The lawyer was stunned! Not knowing what else to do, he pointed across the room and asked, "Mrs. James, do you know the defence lawyer?" She again replied, "Why, yes, I do. I've known Mr. Johnson since he was a youngster, too. He's lazy, bigoted, and he has a drinking problem. He can't build a normal relationship with anyone and his law practice is one of the worst in the entire state. Not to mention he cheated on his wife with three different women. One of them was your wife. Yes, I know him." The defence attorney almost died. The judge asked both lawyers to approach the bench and, in a very quiet voice, said, "If either of you idiots ask her if she knows me, I'll send you to the electric chair.”

It has been difficult to forget this story so I braced up for the worst. Grandma repeated the question, “What kind of doctor are you?” I quickly answered, “I am a medical doctor.” “No you are not!” retorted grandma. I was alarmed! Grandma had always known me as a doctor. What exactly does she mean? I was worried. “I have searched through the Internet and to my amazement I could not understand why you call yourself a doctor. I stumbled on your university certificate and it read, Bachelor of Medicine and Bachelor of Surgery.” For all practical purposes, you are a Bachelor of Medicine not a Doctor. I heaved a sigh of relief.  “Thank God we are not going along the line of the other grandma and the lawyers. If that’s all, I can easily deal with it.

“Grandma, you are right. The appellation of Doctor (Dr.) is just a title describing the vocation of those in the profession of medicine. It is not a university degree. We can say it is descriptive just as you associate a bricklayer with bricklaying and a barber with taking care of the hair. The title is endorsed by the Medical and Dental Council of Nigeria which is the regulating body. It is not a university degree.

Grandma seemed pleased with my response but as I was about to take my leave, she asked again, “Ben, I am a bit confused. What about the Doctor of Veterinary Medicine and Doctor of Optometry?” “These two are notable exceptions - aberrations. They are both first degrees awarded by the university. They are neither medical doctors nor Doctor of Philosophy. Doctor of Philosophy (PhD) is awarded by the universities as a postgraduate degree,” I explained carefully to grandma.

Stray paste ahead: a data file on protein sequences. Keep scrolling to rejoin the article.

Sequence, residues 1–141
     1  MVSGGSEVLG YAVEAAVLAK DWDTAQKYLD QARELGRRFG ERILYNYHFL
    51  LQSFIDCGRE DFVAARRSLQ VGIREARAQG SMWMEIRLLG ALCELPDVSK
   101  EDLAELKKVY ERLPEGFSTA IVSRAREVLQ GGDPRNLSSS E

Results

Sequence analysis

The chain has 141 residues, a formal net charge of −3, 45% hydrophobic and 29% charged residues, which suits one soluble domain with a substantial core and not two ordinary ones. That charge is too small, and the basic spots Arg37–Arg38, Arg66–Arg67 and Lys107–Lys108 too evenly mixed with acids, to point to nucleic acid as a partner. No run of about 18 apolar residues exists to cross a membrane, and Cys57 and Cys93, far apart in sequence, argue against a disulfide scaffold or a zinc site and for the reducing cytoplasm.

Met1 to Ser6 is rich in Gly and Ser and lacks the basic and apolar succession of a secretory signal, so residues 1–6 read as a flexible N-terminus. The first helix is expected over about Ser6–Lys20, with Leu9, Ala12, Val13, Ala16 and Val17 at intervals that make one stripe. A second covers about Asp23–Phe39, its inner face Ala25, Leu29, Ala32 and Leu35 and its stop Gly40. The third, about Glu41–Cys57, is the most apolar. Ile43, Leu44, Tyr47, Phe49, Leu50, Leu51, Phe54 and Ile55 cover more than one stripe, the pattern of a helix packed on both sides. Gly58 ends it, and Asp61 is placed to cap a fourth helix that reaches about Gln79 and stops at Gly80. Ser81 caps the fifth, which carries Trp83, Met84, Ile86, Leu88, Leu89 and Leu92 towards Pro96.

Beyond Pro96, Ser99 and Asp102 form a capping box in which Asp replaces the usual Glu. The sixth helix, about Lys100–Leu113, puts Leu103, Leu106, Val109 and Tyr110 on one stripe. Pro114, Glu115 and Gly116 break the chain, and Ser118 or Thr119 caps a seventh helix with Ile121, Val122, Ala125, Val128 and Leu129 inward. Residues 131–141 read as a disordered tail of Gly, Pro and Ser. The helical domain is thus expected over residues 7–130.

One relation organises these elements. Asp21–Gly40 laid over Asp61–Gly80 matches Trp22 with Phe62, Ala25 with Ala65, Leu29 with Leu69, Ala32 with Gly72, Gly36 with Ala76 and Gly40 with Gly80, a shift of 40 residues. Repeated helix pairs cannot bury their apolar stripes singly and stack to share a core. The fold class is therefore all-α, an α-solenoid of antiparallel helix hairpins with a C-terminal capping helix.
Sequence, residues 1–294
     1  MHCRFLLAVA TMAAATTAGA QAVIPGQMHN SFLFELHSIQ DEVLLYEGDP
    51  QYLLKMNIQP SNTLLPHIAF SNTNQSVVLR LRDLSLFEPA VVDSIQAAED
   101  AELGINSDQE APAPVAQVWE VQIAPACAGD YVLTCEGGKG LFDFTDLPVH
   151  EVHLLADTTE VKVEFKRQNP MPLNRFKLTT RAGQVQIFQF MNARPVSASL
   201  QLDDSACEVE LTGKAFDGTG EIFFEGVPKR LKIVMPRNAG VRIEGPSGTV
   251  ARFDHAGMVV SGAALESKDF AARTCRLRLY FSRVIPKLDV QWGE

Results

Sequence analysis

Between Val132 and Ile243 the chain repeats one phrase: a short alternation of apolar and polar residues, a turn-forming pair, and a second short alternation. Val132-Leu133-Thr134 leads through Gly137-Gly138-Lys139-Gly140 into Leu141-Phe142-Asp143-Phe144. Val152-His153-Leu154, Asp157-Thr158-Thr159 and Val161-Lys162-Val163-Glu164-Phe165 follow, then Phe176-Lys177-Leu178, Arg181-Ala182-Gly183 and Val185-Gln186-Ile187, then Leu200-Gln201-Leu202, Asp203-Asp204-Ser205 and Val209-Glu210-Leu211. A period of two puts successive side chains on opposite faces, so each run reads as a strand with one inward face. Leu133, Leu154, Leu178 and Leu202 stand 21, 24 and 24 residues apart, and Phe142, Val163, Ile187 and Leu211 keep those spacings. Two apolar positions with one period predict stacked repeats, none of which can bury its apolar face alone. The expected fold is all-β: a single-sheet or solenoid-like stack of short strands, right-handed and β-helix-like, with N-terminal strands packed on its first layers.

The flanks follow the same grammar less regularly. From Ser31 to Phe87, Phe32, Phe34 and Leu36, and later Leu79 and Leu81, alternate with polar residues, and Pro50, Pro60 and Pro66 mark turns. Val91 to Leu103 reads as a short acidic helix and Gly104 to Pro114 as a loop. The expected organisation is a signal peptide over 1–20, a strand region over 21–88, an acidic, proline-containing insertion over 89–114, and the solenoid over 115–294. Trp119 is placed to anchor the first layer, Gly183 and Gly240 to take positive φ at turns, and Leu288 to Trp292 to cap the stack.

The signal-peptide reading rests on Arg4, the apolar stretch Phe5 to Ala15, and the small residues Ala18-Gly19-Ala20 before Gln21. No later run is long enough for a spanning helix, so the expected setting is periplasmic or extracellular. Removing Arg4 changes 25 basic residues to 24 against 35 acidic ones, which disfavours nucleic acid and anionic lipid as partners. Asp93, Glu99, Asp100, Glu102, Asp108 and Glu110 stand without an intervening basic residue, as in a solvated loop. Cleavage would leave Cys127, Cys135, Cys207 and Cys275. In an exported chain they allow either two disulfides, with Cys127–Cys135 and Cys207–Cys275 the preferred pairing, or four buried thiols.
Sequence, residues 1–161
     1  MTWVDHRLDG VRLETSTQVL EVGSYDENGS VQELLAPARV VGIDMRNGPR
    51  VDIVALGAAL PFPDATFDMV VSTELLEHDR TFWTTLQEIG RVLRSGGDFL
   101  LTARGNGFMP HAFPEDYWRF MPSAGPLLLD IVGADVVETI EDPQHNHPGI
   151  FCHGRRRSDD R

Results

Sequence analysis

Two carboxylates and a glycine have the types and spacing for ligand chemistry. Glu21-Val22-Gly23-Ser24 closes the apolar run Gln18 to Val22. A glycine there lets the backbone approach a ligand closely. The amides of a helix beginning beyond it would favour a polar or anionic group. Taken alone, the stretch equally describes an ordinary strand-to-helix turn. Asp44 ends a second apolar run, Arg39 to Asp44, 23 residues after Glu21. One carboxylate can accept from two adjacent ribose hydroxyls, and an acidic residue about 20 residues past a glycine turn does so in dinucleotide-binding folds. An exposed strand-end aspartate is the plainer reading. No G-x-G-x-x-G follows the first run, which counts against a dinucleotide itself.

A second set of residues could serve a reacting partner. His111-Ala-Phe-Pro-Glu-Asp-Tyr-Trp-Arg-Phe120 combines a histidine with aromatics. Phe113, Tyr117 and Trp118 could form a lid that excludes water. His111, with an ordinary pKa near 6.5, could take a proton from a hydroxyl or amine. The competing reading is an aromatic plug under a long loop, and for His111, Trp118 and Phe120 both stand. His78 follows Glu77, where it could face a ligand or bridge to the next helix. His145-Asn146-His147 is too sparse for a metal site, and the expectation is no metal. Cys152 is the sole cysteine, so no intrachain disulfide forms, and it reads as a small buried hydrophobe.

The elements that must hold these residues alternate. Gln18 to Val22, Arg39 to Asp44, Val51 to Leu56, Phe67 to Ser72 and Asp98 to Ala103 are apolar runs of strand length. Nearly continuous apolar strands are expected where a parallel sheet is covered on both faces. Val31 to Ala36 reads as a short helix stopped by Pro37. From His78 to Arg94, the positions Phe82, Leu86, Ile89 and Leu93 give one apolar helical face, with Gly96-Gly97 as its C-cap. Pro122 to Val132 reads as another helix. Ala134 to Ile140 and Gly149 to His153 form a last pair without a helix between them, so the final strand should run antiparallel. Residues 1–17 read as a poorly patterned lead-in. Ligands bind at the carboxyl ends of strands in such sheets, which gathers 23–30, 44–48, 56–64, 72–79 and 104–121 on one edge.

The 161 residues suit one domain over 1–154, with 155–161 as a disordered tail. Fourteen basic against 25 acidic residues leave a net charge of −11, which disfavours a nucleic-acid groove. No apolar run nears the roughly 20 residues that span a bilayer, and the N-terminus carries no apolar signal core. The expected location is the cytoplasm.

“Ben you are yet to answer my question. What kind of doctor are you?” Grandma asked again. “I am a medical doctor who later specialised in medical and surgical treatment of the eye,” I replied. “Doctor Ben do you mean you’re an Ophthalmologist?” “Exactly, you got it right! After a 6year study in the university and graduating as a medical doctor with Bachelor of Medicine and Bachelor of Surgery degrees, I spent another 6years studying ophthalmology to become a specialist eye doctor,” I explained.

“I can see you are in a hurry to leave. I have just one more question for you.  What exactly is the difference between an Ophthalmologist and an Optometrist – both prescribe glasses and both are called doctors?” “Grandma, an ophthalmologist is a medical doctor who has undergone additional training to become an eye specialist and takes care of both medical and surgical treatment of the eye. A doctor of optometry (an optometrist) is a first degree university graduate who is trained to assist in eye care with special emphasis on prescription of glasses and optical aids. He is not a medical doctor; should not give any treatment beyond first aid and primary care; cannot issue sick certificate or write medical report on the state of health of a patient.” My phone rang and I quickly seized the opportunity to scram. 

What kind of people are you Nigerians?

In 1985, a colleague of mine from an East African country, who had shared an apartment with me when I was in USA, visited Nigeria for the first time. Looking pensive, he asked, “What kind of people are you?” I drew blank. So he repeated the question, “What kind of people are you Nigerians?”